Today, I will be analyzing EVE Investments Limited’s (ASX:EVE) recent ownership structure, an important but not-so-popular subject among individual investors. Ownership structure has been found to have an impact on shareholder returns in both short- and long-term. If an activist institution invests the same amount of capital in a stock as a passive long-term pension fund, the implications are potentially different for key corporate financing decisions such as the use of excess cash or the source of financing. While these are more of a long-term investor’s concern, short-term investors may find the impact of institutional trading overwhelming enough to lose out on what could be a potential opportunity. Therefore, I will take a look at EVE’s shareholders in more detail.
See our latest analysis for EVE
Institutional investors typically buy and sell shares in large magnitudes which can significantly sway the share price, especially when there are relatively small amounts of shares available on the market to trade. With an institutional ownership of 5.06%, EVE doesn’t seem too exposed to higher volatility resulting from institutional trading. Less covered stocks like EVE used to feature in legendary investor Peter Lynch’s portfolio, which would later be bought up by fast-following institutions as the stock gained more popularity.
Another important group of shareholders are company insiders. Insider ownership has to do more with how the company is managed and less to do with the direct impact of the magnitude of shares trading on the market. EVE insiders hold a significant stake of 30.28% in the company. This level of insider ownership has been found to have a negative impact on companies with consistently low PE ratios (underperformers), while it has been positive in the case of high PE ratio firms (outperformers). It may be interesting to take a look at what company insiders have been doing with their holdings lately. Insiders buying company shares can be a positive indicator of future performance, but a selling decision can simply be driven by personal financial needs.
General Public Ownership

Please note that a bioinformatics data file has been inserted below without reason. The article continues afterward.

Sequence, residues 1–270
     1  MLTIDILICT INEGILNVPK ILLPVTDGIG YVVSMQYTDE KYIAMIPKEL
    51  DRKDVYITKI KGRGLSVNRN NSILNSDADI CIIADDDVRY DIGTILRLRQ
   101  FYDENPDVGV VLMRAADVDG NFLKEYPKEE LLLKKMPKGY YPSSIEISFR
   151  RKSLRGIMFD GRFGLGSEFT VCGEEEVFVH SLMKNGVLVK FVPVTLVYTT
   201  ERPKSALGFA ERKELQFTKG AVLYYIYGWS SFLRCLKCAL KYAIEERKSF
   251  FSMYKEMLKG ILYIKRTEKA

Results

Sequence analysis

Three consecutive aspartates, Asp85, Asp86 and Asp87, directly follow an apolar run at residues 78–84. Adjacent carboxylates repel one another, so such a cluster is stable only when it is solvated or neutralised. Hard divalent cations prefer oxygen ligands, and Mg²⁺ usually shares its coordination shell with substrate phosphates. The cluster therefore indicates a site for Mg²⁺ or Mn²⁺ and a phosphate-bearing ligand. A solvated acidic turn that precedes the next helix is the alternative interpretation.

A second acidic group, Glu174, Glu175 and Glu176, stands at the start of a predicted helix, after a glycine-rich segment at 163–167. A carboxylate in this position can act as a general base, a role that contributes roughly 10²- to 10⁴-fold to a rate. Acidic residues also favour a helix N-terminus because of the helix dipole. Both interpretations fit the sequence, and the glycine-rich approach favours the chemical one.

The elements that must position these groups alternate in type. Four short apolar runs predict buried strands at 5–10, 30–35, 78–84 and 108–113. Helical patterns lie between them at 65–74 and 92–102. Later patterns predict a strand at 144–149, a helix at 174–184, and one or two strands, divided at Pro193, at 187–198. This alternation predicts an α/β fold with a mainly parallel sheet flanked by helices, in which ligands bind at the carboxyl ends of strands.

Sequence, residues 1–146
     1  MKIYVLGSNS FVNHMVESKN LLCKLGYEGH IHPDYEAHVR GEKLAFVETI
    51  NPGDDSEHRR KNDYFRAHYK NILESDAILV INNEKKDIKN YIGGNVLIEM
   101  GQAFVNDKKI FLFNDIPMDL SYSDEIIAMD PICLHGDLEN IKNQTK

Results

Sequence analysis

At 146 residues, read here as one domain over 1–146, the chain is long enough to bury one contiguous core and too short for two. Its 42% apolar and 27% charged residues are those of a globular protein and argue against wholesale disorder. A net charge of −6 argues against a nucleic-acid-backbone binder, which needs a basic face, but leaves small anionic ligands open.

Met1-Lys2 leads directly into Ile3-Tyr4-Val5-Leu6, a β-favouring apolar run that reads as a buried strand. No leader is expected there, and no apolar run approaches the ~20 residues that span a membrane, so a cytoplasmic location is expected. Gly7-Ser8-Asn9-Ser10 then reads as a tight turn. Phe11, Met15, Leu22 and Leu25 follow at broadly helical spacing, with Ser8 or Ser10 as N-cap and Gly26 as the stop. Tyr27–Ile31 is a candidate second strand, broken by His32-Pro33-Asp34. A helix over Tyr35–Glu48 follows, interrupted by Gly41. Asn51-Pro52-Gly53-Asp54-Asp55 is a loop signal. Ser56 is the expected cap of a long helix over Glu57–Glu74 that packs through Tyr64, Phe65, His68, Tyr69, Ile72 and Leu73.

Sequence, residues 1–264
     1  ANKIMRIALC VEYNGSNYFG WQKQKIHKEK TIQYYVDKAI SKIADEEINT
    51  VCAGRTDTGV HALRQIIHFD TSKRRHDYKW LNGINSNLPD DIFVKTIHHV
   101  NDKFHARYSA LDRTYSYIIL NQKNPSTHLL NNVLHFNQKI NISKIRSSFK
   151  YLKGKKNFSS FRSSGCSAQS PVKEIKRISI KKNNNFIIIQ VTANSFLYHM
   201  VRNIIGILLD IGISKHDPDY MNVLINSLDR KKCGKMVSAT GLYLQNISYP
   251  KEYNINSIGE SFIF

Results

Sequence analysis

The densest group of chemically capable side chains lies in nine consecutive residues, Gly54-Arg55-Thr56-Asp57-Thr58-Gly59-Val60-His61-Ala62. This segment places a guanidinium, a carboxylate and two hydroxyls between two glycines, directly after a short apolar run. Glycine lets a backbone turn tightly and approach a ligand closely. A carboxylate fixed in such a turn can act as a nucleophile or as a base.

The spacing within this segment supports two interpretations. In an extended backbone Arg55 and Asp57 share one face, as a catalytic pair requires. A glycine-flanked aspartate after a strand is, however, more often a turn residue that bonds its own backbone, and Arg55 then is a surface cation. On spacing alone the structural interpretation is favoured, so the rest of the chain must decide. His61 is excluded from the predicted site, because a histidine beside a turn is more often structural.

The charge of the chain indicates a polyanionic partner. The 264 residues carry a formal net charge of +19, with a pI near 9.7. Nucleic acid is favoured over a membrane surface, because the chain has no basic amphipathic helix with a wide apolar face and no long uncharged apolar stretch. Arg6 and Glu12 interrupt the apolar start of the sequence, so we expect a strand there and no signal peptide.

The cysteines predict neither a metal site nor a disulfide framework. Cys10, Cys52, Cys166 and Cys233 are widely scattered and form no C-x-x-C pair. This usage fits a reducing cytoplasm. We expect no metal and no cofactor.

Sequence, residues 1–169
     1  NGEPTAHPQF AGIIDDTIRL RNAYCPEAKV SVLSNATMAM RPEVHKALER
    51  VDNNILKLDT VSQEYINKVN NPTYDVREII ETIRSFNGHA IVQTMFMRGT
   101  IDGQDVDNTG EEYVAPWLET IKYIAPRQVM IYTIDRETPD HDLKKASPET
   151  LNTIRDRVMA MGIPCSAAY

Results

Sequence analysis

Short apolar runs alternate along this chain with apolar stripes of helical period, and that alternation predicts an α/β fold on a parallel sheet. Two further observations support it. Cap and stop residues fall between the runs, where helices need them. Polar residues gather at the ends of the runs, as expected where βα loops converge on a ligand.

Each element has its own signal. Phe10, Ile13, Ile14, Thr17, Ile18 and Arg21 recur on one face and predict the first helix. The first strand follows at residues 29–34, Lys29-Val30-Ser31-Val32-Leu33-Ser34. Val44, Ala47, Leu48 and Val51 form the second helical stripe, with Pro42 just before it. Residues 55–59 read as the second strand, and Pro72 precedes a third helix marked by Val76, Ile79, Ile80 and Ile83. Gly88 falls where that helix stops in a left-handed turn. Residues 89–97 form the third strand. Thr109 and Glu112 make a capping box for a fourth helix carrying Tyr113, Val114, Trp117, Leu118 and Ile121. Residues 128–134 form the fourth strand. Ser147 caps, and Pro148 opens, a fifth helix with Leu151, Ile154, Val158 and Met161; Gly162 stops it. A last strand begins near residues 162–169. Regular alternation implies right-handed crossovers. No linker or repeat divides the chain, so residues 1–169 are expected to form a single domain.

A big stake of 60.73% in EVE is held by the general public. This size of ownership gives retail investors collective power in deciding on major policy decisions such as executive compensation, appointment of directors and acquisitions of businesses. Such level of ownership gives retail investors the power to sway key policy decisions such as board composition, executive compensation, and potential acquisitions. This is a positive sign for an investor who wants to be involved in key decision-making of the company.
Private Company Ownership
Another group of owners that a potential investor in EVE should consider are private companies, with a stake of 3.93%. While they invest more often due to strategic interests, an investment can also be driven by capital gains through share price appreciation. However, an ownership of this size may be relatively insignificant, meaning that these shareholders may not have the potential to influence EVE’s business strategy. Thus, investors not need to worry too much about the consequences of these holdings.
With a low level of institutional ownership, investors in EVE need not worry about non-fundamental factors such as ownership structure causing large impact on stock prices. Institutional ownership level and composition in EVE is not high nor active enough to significantly impact its investment thesis. However, other important factors we must never forget to assess are the fundamentals. I recommend you take a look at our latest free analysis report on EVE Investments to see EVE’s fundamentals and whether it could be considered an undervalued opportunity.
PS. If you are not interested in EVE Investments anymore, you can use our free platform to see my list of over 50 other stocks with a high growth potential.
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